Cherokee ashore, loss of life

Southport Visiter, Feb 23rd, 1854

Violent storm and loss of life

Throughout Friday night the 17th inst and Saturday the neighbourhood was visited by a violent hurricane from N and N.W, which proved disastrous to shipping and caused serious loss of life.

The most serious disaster, happened at noon on Saturday, 11 lives were lost.

The Barque CHEROKEE, which sailed on Friday for Africa, was, reported on shore at East Hoyle Bank, about 9am on Saturday preparations were made for sending assistance to her.

The steam-tug PRESIDENT with the Liverpool lifeboat in tow and the steam-tug VICTORIA, with the steam-tug company’s lifeboat in tow was despatched to the distressed vessel.

The crew of the lifeboats stayed in their own boat whilst being towed out.

The VICTORIA proceeded on her course down the Rock Channel, all went well till a bank called the, “Flats,” was reached the lifeboat was struck by a heavy sea, and capsized, all on board were drowned, except for one man.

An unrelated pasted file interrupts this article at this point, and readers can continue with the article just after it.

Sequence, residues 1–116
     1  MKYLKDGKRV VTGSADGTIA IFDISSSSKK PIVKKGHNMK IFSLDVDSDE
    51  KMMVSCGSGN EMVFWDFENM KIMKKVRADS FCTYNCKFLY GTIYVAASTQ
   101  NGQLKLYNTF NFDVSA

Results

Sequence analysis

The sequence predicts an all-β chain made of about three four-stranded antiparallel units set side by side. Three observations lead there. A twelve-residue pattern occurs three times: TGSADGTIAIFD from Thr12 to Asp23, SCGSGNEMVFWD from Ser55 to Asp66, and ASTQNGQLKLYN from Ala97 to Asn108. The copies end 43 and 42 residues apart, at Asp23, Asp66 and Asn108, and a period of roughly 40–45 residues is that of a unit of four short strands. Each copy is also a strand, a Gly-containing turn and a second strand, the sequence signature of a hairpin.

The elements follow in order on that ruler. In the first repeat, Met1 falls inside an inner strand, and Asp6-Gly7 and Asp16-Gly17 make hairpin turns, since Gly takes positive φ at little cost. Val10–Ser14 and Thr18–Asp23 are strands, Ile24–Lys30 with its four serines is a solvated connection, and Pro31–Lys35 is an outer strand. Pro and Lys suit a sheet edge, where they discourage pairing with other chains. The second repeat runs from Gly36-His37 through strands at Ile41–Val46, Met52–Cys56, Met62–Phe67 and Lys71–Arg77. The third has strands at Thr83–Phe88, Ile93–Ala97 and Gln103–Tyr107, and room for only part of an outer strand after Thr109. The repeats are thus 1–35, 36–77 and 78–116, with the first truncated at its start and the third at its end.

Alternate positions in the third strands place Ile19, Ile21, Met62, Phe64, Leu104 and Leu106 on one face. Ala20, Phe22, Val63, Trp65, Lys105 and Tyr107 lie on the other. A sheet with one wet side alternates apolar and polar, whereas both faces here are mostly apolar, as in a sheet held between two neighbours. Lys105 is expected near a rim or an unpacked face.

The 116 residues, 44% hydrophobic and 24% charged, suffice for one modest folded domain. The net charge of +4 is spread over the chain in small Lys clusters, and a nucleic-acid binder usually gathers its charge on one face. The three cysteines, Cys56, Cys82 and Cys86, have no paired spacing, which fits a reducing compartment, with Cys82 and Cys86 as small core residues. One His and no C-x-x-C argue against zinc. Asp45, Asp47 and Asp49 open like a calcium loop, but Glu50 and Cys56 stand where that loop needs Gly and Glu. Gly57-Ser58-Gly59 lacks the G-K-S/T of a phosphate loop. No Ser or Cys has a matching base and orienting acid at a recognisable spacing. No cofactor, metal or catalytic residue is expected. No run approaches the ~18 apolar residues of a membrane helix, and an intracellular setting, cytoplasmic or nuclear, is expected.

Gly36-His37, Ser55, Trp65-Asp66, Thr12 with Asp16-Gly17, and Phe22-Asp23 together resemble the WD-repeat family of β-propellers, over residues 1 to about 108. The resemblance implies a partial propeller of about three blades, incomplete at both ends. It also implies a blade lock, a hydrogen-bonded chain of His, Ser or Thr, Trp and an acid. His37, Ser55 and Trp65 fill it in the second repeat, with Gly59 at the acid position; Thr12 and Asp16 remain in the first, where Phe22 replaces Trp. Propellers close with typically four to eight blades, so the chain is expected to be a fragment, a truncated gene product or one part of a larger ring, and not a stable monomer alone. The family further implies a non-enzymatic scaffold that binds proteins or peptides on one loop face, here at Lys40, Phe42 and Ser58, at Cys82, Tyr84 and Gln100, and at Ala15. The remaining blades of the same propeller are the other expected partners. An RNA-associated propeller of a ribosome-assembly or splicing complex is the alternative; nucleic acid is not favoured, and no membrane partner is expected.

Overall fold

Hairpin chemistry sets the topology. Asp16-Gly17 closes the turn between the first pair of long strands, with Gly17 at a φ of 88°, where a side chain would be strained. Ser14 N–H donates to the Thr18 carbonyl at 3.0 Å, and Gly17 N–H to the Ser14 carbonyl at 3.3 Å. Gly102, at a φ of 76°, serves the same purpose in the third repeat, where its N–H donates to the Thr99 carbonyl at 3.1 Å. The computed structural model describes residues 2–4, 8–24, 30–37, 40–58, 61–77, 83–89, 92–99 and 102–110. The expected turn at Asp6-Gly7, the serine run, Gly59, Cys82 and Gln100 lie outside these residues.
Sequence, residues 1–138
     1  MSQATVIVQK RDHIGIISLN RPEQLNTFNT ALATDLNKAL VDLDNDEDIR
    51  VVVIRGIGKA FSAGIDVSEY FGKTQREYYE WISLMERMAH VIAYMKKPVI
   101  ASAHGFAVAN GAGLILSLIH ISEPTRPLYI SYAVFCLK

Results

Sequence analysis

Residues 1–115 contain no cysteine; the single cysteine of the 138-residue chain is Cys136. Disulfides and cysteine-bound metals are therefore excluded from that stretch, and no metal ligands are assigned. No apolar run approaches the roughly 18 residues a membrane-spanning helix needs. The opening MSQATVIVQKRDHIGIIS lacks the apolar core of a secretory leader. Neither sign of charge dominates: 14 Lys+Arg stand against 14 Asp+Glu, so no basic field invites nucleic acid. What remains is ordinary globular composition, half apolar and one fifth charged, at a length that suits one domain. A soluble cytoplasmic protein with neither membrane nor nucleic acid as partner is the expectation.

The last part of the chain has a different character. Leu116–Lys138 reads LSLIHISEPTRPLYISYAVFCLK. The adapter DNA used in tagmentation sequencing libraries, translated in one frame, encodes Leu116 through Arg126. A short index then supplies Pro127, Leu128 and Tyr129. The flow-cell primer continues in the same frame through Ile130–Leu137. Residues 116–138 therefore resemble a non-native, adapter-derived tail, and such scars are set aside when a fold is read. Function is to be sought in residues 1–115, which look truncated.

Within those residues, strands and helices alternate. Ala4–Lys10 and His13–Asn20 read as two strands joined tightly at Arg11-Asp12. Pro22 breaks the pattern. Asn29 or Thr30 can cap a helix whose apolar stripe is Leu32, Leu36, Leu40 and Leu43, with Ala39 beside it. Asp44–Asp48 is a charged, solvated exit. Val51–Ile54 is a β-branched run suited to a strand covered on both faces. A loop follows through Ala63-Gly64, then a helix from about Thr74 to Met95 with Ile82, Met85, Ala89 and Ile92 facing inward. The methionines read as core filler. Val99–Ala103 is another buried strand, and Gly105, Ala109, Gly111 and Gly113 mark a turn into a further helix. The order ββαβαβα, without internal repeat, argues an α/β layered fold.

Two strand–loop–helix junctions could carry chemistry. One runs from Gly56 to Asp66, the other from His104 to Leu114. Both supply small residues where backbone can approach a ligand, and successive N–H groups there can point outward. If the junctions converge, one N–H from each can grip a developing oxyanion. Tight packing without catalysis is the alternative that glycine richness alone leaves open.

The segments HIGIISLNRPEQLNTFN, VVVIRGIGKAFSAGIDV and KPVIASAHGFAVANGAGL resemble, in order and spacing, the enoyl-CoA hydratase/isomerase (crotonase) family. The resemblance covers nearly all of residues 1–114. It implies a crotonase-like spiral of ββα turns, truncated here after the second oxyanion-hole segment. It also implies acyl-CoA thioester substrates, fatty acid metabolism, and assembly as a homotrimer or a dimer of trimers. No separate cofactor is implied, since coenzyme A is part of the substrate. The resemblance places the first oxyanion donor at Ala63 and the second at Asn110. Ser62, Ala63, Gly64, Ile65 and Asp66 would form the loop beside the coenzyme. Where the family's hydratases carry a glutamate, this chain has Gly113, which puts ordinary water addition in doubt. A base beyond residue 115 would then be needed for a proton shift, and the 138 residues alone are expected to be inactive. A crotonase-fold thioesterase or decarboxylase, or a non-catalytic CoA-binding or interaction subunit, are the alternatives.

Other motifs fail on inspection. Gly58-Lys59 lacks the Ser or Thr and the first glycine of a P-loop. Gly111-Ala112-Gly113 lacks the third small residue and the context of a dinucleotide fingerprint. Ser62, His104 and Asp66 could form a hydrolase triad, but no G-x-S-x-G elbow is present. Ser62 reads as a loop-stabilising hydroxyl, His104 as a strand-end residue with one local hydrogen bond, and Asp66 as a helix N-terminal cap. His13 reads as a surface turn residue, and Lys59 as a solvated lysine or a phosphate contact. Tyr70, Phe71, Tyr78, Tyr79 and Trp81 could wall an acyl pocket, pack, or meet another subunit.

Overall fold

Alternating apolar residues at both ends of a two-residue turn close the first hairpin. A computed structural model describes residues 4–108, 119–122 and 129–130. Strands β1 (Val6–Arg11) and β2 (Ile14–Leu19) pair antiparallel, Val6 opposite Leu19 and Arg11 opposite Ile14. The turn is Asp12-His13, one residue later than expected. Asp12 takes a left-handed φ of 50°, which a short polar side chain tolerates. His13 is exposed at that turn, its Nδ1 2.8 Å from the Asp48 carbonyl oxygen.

Every excertion was made by the Captain and crew of the steam-tug to save them but in consequence of the heavy sea running, it was impossible. The lifeboat was an old and well-tried seaboat, and the crew had great faith in her.

The following are the names of those who perished:-

Capt William ROBERTS of the steam-tug ALBERT, who volunteered to command the lifeboat, he leaves a wife and 6 children.

Joseph DAVIES, Senior, leaves a wife and 6 children.

Joseph DAVIES, Junior, son of above.

James GEE, leaves a wife and child.

John BROWN, leaves a wife and 6 children

Henry PEARSON, leaves a wife and 2 children

Stephen GRIFFITHS, leaves a wife and 2 children

Thomas HAYES, leaves a wife and child

Henry WILSON, leaves a wife and 4 children 2 other boat men whose names we are unable to ascertain.

Henry ARCHER the boatsman who was saved was in a very exhausted state when he got aboard the steam-tug.

The poor fellows who lost their lives with the exception of Captain ROBERTS are river boatmen, their families are left without means of subsistence, which makes their case extremely deserving of the benevolent.

Whilst on the Hoyle Bank the Hoylake Lifeboat succeeded in taking off part of the crew of the CHEROKEE, the others were taken off during the afternoon. The CHEROKEE drifted over the bank at high water and went ashore at Dove Point, where she remains, full of water. She is the property of Messers HORSFALL and Sons.


Copyright 2002 / To date